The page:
[erlang-questions] The Erlang Rationale

Richard O'Keefe <>
Fri Oct 3 04:15:29 CEST 2008


On 2 Oct 2008, at 8:23 pm, Benjamin Tolputt wrote:

> Richard O'Keefe wrote:
>> <snip>Nice logging example</snip>
>
> The problem I see with your solution(s) is that they are only better  
> if
> the Erlang were different (i.e. top level variables and ?HERE).

Wrong, as I realised after posting it.
In fact, >>>>in that very posting<<<< I showed how top
level variables are >>>not<<< in fact needed.

Let me offer the skeleton again,
slightly generalised.

	-compile({inline, [{compile_time_debug_level,0},
			   {log_error,3}, {log_warning,3}]}).

	compile_time_debug_level() -> errors.

	log_error(L, F, A) ->
	    logger:log(error, ?MODULE, L, F, A).

	log_warning(L, F, A) ->
	    case compile_time_debug_level()
               of warnings -> logger:log(warning, ?MODULE, L, F, A)
	       ; errors   -> ok
	    end.

called as

	... log_error(?LINE, "...", [...]) ...
	... log_warning(?LINE, "...", [...]) ...

where ?LINE is sufficient because after -include
processing, the local log functions are in the same module
as the caller, so ?MODULE doesn't need to be passed.

	
> This, to
> me, is just a game of "what if" (unless you re actually putting them
> into Erlang - in which case, I humbly apologise). "What if" scenarios
> are great and all, but don't actually a valid argument make.

You have completely mistaken the form of my argument at the point.
My argument had the implicit form (which I thought to be so very
obvious given good will as to not need spelling out)

	GRANTED for the sake of argument that logging of this form
	is something not currently well served,
	WHAT WOULD WE NEED TO DO in order to remove any need to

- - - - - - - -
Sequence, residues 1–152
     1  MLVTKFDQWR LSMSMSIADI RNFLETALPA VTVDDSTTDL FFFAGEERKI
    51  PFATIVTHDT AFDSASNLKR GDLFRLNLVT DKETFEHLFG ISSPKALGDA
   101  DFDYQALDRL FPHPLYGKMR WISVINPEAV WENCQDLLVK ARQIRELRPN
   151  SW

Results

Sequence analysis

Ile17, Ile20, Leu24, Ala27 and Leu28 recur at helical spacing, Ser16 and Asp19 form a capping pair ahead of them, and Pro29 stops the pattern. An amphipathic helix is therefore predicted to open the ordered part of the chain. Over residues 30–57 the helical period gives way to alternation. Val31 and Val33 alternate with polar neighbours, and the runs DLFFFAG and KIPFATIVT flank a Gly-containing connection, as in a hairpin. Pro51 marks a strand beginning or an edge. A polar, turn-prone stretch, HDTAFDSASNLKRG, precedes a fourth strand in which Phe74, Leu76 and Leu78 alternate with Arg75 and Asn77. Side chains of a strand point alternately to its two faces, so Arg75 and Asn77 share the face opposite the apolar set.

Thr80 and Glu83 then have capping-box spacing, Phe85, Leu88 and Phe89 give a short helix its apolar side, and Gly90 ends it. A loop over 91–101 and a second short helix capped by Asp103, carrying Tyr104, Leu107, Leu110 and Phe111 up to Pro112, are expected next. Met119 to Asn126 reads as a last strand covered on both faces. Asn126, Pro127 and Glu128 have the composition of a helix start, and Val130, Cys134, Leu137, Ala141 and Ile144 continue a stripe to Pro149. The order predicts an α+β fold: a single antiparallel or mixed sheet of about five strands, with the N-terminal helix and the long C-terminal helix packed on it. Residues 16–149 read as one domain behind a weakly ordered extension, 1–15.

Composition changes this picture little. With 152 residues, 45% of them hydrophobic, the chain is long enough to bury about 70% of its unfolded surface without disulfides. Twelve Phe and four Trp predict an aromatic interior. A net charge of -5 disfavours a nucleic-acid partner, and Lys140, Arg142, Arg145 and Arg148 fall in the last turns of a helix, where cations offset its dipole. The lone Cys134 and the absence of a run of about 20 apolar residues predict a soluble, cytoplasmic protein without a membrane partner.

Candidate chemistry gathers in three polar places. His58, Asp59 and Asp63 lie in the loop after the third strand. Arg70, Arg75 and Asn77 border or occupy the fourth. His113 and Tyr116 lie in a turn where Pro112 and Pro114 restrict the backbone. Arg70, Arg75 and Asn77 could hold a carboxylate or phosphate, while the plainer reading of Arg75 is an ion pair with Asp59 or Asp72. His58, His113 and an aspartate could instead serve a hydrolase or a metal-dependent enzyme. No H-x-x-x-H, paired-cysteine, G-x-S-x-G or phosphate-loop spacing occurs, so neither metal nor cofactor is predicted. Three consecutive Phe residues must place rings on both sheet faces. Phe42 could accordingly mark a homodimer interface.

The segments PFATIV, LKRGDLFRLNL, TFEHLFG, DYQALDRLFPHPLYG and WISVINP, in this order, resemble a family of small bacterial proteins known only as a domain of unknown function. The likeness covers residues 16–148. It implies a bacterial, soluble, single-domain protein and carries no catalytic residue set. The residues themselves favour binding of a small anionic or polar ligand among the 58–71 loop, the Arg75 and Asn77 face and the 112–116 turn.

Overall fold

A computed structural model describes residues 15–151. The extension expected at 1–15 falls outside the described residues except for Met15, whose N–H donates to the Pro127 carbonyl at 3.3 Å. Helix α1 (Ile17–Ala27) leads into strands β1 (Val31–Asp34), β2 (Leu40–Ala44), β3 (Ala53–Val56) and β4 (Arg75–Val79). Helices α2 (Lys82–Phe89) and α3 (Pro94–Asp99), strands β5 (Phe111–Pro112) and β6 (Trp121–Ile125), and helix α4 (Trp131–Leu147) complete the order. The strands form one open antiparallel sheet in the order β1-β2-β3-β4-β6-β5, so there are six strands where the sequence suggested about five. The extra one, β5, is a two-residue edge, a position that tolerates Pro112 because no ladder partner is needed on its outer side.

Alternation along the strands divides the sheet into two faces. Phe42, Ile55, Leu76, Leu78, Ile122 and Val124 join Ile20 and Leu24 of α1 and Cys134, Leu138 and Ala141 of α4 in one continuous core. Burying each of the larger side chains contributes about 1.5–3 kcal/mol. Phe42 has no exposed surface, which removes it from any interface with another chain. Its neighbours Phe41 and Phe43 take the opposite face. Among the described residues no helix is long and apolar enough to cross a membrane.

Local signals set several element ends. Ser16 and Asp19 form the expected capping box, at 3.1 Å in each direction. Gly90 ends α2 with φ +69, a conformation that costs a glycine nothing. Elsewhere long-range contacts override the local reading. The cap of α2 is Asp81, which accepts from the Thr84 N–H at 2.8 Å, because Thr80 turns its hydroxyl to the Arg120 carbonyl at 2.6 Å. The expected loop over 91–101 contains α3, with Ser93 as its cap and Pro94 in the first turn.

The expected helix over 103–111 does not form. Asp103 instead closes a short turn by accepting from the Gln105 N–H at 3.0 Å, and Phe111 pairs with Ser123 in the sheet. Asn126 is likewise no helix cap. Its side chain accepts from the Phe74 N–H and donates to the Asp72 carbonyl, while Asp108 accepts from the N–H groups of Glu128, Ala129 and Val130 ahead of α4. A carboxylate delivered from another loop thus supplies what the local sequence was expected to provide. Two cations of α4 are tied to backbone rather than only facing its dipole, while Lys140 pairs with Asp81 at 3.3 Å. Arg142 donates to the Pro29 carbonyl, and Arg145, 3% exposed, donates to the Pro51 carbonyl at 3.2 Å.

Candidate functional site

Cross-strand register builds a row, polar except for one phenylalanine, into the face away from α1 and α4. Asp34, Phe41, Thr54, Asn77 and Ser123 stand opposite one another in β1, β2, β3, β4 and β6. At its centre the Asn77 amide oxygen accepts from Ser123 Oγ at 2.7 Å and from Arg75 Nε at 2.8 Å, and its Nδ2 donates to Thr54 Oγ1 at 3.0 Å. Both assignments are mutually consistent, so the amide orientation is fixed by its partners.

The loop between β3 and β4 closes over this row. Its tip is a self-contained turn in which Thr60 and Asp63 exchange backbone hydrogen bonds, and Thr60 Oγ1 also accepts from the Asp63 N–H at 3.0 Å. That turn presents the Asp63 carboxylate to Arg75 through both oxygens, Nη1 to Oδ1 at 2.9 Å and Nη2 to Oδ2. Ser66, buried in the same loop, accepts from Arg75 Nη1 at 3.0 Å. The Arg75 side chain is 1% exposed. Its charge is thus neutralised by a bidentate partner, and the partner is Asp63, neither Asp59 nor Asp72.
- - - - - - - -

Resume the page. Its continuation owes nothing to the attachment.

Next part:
use the preprocessor for this purpose.

I first considered a run-time method of discovering the caller's
location and dismissed it.

I then mentioned top-level variables BUT SHOWED HOW WE DON'T NEED THEM.
(Although it would be nice if the Dialyzer were more tolernate of the
resulting code.)

I then mentioned ?HERE as a possible idea that would leave the
source code with a visible mention of "at this point I pass my
source location" -- hence would be more tokens to type than
using a macro -- but in a much shorter and potentially richer
form than ?MODULE, ?LINE.

Given my history of writing EEPS, readers were expected to see this
as a pre-pre-EEP for ?HERE.  Today I've mailed out patches to add a
prototype version of ?HERE that gives you {?MODULE,?LINE,undefined}
with undefined as a place-holder for a future {function,arity}.

However, on the way home last night, it became annoyingly obvious
that we don't actually need ?HERE at all.  If people are content
with ?MODULE and ?LINE, they can get that right now, passing
?LINE in the call and supplying ?MODULE in the (-included) callee.

Note that when I complain about what macros do to maintainability
-- including the ability of editors to indent properly --
I am *not* arguing against -include or even against ?MODULE and
?LINE or any other compiler-generated context-sensitive named
constants, which turn out to be more abundant than I had
remembered.

This is a textbook case of why "no, we have to deal with the language
as it is" is very bad thinking.  Erlang is open source.  We DON'T
have to stick with the language as it is.  We can all, any of us,
invent alternatives and write EEPS.  Having said "I need macros to
do X", it is not helpful to just rest there.  One should say "Have
I really identified a need for macros or is there another way to do
it?  If I have really identified a need, what changes to the language
or system would eliminate that need?"

Come to think of it, my first (rejected) idea, of picking up the
location at run time, might *long term* be the very best idea of
all.  (Or, on the other hand, it might still be as stunningly bad
as I first thought it.  I was inspired by the nargs() function
that was available in some versions of C.)  One of the issues that
keeps coming up each year is someone wanting better location
information in errors messages and tracebacks, and digging that out
at run time seems to be the only practical way to do it.  That
being done, we wouldn't need ?MODULE, ?FILE, ?LINE, or any of those
things; we could pick them up at run time.  (Anyone else out there
remember the B6700?  1960s design mainframe and operating system,
but run-time errors *routinely* gave you line numbers in tracebacks.)




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